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Put an end to profanity

Put an end to profanity
Highlights

The Andhra Pradesh State Legislature ever since its formation has been witnessing belligerent scenes with ruling and opposition parties at loggerheads on anything and everything. This has even reached ugly proportions seriously eroding the sanctity of legislative institutions. There seems to be no end to this.

AP government should realise stifling opposition and its dissent is detrimental to the interests of democracy and shall prove to be counterproductive in the long run. Similarly, opposition should focus only on public issues without indulging in undesirable discourse

The Andhra Pradesh State Legislature ever since its formation has been witnessing belligerent scenes with ruling and opposition parties at loggerheads on anything and everything. This has even reached ugly proportions seriously eroding the sanctity of legislative institutions. There seems to be no end to this. But, despite claims and counter claims on the culpability for this kind of dubious situation, the fact remains that people are at a loss.

The new legislature came into existence amidst great hopes and grave concerns about the future of the State aggrieved by the nature in which the united Andhra Pradesh was bifurcated. The challenges before the residuary state require politics of reconciliation. But, such a statesmanship is lacking on the both sides.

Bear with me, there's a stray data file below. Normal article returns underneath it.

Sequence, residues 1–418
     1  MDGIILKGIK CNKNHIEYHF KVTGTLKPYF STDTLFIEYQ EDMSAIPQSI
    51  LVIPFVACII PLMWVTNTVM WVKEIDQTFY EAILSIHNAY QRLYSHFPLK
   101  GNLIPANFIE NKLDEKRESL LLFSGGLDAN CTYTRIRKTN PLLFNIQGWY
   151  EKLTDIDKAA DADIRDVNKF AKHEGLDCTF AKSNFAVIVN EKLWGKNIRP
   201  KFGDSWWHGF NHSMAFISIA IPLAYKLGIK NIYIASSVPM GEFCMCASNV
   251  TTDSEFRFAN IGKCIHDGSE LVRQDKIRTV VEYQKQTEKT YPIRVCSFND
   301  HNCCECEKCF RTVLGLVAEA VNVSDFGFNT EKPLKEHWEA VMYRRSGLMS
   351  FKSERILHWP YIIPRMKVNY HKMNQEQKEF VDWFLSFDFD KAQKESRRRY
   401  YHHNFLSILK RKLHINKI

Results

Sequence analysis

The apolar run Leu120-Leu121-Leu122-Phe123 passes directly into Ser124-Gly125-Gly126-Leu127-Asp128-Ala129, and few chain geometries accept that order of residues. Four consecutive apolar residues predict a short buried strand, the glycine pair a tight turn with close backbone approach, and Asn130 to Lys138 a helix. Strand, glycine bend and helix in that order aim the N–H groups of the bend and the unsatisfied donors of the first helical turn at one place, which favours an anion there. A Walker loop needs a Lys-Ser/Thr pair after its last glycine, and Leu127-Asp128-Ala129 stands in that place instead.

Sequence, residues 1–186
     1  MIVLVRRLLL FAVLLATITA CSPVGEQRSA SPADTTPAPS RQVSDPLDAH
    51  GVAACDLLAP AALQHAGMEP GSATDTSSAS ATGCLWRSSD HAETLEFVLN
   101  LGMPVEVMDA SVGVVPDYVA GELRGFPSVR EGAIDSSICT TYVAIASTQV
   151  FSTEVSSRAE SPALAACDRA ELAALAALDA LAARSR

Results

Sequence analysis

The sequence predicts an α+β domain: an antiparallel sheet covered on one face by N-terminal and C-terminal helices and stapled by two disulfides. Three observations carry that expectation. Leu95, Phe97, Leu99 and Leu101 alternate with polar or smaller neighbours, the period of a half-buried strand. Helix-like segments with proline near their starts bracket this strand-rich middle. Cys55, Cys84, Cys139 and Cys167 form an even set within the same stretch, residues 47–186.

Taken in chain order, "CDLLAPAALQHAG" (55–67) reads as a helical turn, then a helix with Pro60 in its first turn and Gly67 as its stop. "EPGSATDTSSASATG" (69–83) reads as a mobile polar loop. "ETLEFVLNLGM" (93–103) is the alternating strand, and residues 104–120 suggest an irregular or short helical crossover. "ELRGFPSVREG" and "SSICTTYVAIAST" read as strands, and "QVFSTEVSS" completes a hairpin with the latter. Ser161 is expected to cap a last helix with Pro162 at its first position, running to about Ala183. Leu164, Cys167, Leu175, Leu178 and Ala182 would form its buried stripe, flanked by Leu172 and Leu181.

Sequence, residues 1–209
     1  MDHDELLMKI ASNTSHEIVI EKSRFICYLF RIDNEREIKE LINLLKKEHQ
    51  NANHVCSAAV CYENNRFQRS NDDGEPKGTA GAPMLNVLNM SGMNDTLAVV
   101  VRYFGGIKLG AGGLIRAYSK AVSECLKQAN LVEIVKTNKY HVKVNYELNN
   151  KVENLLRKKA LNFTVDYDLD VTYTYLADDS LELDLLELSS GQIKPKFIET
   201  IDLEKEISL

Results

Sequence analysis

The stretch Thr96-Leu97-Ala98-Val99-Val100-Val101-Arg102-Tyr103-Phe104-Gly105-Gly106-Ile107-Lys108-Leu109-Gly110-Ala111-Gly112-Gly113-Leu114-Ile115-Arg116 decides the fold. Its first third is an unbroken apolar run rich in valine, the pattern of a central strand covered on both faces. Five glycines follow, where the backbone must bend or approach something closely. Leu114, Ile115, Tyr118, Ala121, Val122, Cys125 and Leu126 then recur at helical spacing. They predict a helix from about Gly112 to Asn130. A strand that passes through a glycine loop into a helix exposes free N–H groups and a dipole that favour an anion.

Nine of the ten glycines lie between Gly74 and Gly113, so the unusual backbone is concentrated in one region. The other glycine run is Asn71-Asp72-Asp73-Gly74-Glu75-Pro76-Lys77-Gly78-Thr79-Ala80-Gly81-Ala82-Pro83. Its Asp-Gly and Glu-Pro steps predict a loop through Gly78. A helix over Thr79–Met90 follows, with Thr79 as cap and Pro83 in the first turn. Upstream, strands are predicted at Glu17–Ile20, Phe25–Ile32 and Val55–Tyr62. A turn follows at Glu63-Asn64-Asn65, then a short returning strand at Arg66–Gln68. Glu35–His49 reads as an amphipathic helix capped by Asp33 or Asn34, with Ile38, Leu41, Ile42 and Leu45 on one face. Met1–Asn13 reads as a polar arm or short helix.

Legislative institutions are obviously political houses. The nature of politics would determine the nature of the house and its proceedings. The personal animosity between the Leader of House and the Leader of Opposition is reflected in the way the House is functioning. It is totally unlikely that there would be any rapprochement. In fact, this personal rivalry dates back to the days of Naidu being the opposition leader and Jaganmohan Reddy’s father YS Rajasekhara Reddy was the unassailable Chief Minister.

The bitter acrimony between TDP and YSR Congress reached an all-time high as the two had a close finish in the last elections. Absence of any other political party in house turned it into one-to-one battle between two leaders and two parties. The time has come for the two sides to realise the futility of such a parochial war. Members are often seen disregarding the basic legislative decorum. Frequent interruptions and running commentary by members of the rival group with an intention to distract the attention of the member speaking has become a daily routine.

The ruling party is in no mood to even recognise the opposition voice. Personal attack seems to be the weapon used by it to corner the opposition leader. Even opposition is resorting to personal attack and unrelated speeches even at a slightest provocation by the ruling party. Surprisingly even ministers are part of this war of words. The leaders of both camps are making no effort to pacify their members or control their unwarranted behavior.

The government should realise that stifling opposition and its dissent is detrimental to the interests of democracy and shall prove to be counterproductive in the long run. Similarly, opposition should concentrate only on public issues without indulging in undesirable discourse. The conventions and traditions of legislative business are sacrificed at the altar of partisan interests. Perhaps the legislature too needs an independent ombudsman. The political system should wake up before the people lose confidence in democratic polity that would be disastrous for everyone. Cacophony should give way to informed debate.

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